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Michigan's undecided voters slowly, painfully, make up their minds

About 13% of Michiganders are undecided – enough to possibly make a difference this year
User: Keith Ivey
About 13% of Michiganders are undecided – enough to possibly make a difference this year ";

The vast majority of reputable polls show Hillary Clinton winning Michigan by pretty comfortable margins – single digits, maybe, but still comfortable.

But on Friday, Donald Trump’s campaign said its own internal polling show a “dead heat” in the state. That’s more believable now that the Republican nominee made two last-minute stops in Michigan on Monday, just one day after vice presidential nominee Tim Kaine held a rally here.

In a Detroit Free Press poll taken last week, the Democratic nominee had 41% of the vote, with Trump at 34%. “Undecided” came in at third place, with 13%, beating out Libertarian Gary Johnson’s 9%. (That poll was, of course, taken before FBI Director James Comey told Congress about new “investigative steps” in the Clinton email probe. It’s unclear whether, or how, that will affect the race.)

It’s a very, very long shot that all those undecideds would decide to go for Trump. But if they did, it could put the state in his column. And with so many more undecided voters this late in the election than this time four years ago, we wanted to hear from a couple people who are slowly, painfully, starting to make up their minds.

And where better than Michigan’s 7th Congressional District, in the south-central part of the state, since it’s nearly a 50-50 split between Democrats and Republicans?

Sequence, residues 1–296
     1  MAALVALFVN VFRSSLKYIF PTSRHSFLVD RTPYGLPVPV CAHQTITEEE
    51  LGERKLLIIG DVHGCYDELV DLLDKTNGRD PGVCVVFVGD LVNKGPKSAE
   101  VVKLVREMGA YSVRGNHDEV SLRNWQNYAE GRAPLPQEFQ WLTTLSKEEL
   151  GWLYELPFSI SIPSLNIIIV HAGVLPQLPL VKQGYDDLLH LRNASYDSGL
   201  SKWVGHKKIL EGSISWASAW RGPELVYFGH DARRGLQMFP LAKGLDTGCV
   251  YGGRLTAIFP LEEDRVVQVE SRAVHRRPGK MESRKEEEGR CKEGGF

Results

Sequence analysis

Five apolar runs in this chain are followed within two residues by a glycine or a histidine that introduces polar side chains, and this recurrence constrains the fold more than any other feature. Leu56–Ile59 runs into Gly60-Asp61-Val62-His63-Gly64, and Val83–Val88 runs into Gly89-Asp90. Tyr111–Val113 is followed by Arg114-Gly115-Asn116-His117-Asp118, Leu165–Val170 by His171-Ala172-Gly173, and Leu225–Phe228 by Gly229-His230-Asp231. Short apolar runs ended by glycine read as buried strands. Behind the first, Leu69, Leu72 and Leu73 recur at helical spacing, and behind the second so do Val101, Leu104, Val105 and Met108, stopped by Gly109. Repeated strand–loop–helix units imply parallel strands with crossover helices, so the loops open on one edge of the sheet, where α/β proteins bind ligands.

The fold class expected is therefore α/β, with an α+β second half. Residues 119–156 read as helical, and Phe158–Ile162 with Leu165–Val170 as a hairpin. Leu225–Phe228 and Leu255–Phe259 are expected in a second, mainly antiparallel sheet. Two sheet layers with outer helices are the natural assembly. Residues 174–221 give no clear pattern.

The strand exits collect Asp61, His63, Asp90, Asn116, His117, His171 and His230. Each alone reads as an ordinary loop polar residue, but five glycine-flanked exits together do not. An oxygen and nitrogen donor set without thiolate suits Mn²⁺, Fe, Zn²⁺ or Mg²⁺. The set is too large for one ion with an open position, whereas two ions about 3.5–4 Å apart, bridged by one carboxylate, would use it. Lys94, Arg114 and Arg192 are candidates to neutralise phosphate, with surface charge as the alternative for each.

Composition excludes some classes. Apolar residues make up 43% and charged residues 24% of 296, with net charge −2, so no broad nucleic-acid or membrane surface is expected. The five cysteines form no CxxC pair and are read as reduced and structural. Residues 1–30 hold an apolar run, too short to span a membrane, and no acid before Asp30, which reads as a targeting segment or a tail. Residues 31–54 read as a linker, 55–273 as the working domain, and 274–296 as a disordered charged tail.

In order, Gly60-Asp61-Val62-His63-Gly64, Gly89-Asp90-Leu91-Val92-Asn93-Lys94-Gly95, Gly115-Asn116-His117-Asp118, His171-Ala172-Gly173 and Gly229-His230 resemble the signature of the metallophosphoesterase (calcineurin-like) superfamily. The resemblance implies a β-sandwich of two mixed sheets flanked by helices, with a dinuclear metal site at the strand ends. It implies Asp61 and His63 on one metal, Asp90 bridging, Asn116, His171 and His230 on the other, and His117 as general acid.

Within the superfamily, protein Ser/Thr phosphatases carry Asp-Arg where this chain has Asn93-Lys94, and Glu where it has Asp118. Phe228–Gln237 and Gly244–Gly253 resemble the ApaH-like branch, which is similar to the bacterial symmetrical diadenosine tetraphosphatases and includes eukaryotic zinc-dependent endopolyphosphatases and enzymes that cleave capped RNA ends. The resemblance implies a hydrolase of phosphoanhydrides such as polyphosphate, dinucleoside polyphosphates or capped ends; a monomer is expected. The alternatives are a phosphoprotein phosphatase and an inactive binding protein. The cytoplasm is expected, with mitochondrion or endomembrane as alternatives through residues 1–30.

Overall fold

An undecided dad, and his very certain 8-year-old son 

Mark McGee and his wife, Krysta, were high school sweethearts here in Eaton Rapids. Long story short, they opened up a hot dog stand, won a Food Network contest, and now have a cozy little downtown café called Mark’s Place. They renovated the whole place themselves. Krysta hand-painted delicate stencils to make the walls look like they’re covered with old fashioned wallpaper, and you can sometimes catch Mark’s mom helping customers behind the counter (their pour-over coffee is very, very good.)

They've got an eight-year-old son, Christian, who has firmly made up his own mind this election.  

"It was a little difficult on Saturday, we were at a birthday party,” Mark McGee says, “And [our son Christian] walks by us and he told a little kid, 'Trump put his hands up a girl's skirt.' And he was like, 'I don't like that!' And we were like, 'Oooh, what do we do,' you know? I mean, it’s on the news! We took him aside and said, ‘Look, it’s great that you know these things, but it’s maybe not something that should be brought up with a seven or six-year-old.’”

But ask McGee, with his dark beard and Tigers cap, who he's voting for? He cringes.

"I have no idea!” he says. “Like I really – that's the thing, I mean, I see – and this is the hard part in my life, all the time, because I see the good in everybody. And like, I can see the bad, too, but I’m just a glass half-full kind of a guy. I don’t know what I’m going to do.”

Yes, you heard the man: McGee is perhaps the only guy in America who is torn because he sees the good in both candidates.  

“When [Donald Trump] was starting to run, I was like, this is great!” McGee says. “This guy is a small business owner, even though he owns millions of dollars of stuff. And he’s grown, he’s definitely had his failures … that’s life and that’s business. So I thought it was a great idea when he decided to run. But the thing is, I don’t see it. I don’t see him as our leader, I guess. I don’t feel like the decisions he makes are the greatest, or for the best interest of the American people.”

When it comes to Hillary Clinton, he’s still on the fence.

“If Trump wins, I feel like there will be some major changes. But with Hillary, I feel like it’d be more of the same. I mean, it’s just like having Obama for another four years. Which, I mean, I haven’t had any issues. Obama came in in 2008 during in the recession, and I started my business in the recession. And I’ve been doing well, I mean, I can’t complain at all.”